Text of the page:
What if you had three simple rules that would help you avoid a wide range of malware?
Brian Krebs gives us three such rules in his book, Spam Nation.
Krebs is a former Washington Post reporter and is best known for his work at Krebs on Security. The award-winning blog has broken some of the largest cybercrime stories in recent memory, including the credit card data breaches at Target, Home Depot, and more recently Ashley Madison.
In 2014, Krebs detailed the rise and fall of the spam industry in his first book, Spam Nation. He also gave us three easy ways to avoid online scams.
Scammers often try to disguise malware to trick people into downloading it.
Imagine you are surfing the web and click on a site. A message pops up alerting you that a virus has put your computer in a critical position. The alert is even kind enough to offer you a solution: downloading a piece of antivirus software.
DO NOT BUY IT. Any antivirus software that you have not sought out, but rather has been presented to you on a random website, is not worth downloading. If you do, it can run amok on your computer.
Scareware earns millions
The above scenario is an example of scareware – a method used by scammers to frighten people into downloading fake anti-virus software that is of course malware.
In 2014, the FBI busted a scareware ring in Europe that accrued profits of $72 million over three years, evincing the lucrative nature of these scams.
Other times, scammers will prompt individuals to download a video player or app to watch a video, with the software of course being malware.
In general, Krebs recommends avoiding any software that you did not specifically request or thoroughly research. Unrequested software is often malware and will cause more problems than it solves.
Patching is absolutely fundamental to cybersecurity: as cybercriminals’ attacks evolve, so to must the defenses.
Not only should you update operating systems with the latest versions, other software products are just as critical.
Scammers often target weaknesses not only in Windows and OS X, but also the vulnerabilities of common software applications, namely Java, Adobe PDF Reader, Flash, and QuickTime.
In fact, last month hackers exploited a bug in a recent version of Java that allowed them to attack members of NATO and the White House. The bug allowed attackers to install malware and steal data from the infected machines.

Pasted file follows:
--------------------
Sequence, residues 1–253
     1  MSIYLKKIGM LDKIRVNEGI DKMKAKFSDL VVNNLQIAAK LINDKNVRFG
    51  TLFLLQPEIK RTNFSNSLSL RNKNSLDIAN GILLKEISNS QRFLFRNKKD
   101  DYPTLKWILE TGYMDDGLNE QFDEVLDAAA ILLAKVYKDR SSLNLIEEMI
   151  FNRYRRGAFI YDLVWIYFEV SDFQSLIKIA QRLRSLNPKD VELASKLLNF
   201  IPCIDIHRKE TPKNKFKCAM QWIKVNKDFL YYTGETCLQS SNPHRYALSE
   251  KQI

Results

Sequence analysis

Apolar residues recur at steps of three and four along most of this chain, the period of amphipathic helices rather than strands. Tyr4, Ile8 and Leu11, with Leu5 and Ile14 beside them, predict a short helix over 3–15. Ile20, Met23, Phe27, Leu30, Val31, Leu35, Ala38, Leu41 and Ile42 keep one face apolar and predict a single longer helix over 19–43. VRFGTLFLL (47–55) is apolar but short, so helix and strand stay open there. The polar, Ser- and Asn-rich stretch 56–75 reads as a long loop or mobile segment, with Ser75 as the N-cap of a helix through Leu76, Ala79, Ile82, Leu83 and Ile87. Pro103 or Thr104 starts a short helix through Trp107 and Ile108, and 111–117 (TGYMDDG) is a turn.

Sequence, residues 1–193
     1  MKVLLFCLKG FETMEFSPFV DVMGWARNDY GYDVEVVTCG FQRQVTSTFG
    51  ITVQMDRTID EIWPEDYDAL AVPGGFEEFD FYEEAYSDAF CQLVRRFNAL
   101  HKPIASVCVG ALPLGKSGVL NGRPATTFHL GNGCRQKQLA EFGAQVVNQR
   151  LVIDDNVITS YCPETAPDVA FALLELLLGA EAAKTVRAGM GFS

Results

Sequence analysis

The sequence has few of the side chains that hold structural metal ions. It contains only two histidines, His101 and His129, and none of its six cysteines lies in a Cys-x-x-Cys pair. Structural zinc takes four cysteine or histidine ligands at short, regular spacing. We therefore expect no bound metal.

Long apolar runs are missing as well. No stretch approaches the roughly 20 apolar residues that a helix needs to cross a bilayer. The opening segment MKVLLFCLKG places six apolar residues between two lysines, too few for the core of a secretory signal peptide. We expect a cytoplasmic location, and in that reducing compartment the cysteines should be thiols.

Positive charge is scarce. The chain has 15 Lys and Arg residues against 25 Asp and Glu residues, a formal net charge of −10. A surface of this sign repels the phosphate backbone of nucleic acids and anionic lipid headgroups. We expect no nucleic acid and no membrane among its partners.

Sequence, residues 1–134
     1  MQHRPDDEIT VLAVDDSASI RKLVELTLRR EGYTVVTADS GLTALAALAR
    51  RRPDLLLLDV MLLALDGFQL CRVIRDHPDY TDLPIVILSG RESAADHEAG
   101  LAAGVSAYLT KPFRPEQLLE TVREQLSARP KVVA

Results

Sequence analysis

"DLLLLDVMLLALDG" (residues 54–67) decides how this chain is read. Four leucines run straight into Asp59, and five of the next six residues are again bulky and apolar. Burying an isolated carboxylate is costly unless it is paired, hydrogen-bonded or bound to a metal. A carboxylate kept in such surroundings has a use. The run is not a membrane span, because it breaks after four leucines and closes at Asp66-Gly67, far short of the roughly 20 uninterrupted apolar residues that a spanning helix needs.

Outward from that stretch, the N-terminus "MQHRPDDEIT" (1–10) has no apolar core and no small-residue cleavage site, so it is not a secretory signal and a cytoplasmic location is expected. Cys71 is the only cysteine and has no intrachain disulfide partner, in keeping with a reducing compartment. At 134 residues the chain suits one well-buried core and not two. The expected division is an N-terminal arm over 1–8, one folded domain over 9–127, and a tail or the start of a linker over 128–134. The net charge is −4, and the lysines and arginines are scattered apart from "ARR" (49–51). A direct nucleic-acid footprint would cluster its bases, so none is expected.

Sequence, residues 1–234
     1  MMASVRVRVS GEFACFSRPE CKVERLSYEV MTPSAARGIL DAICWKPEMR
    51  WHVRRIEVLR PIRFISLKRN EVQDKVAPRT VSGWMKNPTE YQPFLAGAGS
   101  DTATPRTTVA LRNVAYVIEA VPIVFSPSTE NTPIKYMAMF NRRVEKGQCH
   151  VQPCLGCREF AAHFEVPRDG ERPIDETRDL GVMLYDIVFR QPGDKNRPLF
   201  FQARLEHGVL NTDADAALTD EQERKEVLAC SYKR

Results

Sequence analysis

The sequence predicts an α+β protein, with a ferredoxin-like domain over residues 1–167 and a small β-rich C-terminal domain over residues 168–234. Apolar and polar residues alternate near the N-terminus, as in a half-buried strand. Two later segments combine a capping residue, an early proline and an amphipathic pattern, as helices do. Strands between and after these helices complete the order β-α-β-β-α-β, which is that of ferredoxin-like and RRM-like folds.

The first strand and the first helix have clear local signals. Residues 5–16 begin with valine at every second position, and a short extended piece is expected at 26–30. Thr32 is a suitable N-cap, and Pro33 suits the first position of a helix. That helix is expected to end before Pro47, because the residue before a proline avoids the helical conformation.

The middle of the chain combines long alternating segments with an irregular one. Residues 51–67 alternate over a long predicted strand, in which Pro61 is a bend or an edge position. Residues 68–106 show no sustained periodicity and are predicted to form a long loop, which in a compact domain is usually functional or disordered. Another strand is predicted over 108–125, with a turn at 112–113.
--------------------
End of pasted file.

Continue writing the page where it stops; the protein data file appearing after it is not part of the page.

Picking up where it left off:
If these vulnerabilities can allow attacks on such seemingly secure individuals, how would they stack up against your business? By the way, Oracle released a patch for this vulnerability last month.
Get updates on your patches
The moral of the story: common software applications have vulnerabilities that hackers often exploit, but developers are constantly patching the holes. To stay safe, you must take advantage of patches by updating software, or you will remain susceptible to attacks.
“lutter is the nemesis of a speedy computer,” Krebs laments. Many individuals would be best served by taking this motto to heart, as most computers contain a myriad of useless software.
In a 2012 article, pcmag.com detailed multiple examples of bloatware that could be slowing down your computer:
This extraneous software often installed on computers by the manufacturer, but users are also to blame. They often install numerous programs that seem important at the time, but as time passes, their utility fades.
Bloat is slowing you down
Regardless of how it got there, bloatware reduces a computer’s performance dramatically by increasing boot time and taking up RAM.
Not only does this extra software reduce performance, it provides more vulnerabilities for hackers: the more software on a computer, the less likely it is to be up-to-date.
Removing bloatware and other unneeded programs will increase a computer’s performance. In addition, it reduces the difficulty of keeping all software up to date, which better protects against internet scams and malware.
Of course, nothing will prevent every malware infection. However, these simple rules will, in Krebs’ words, “drastically reduce your chances” of infection.
In addition, the rules cost next to nothing in terms of time and money. They simply require increased vigilance and awareness.
Following these rules is a small price to pay for big returns in the security of your systems and clients.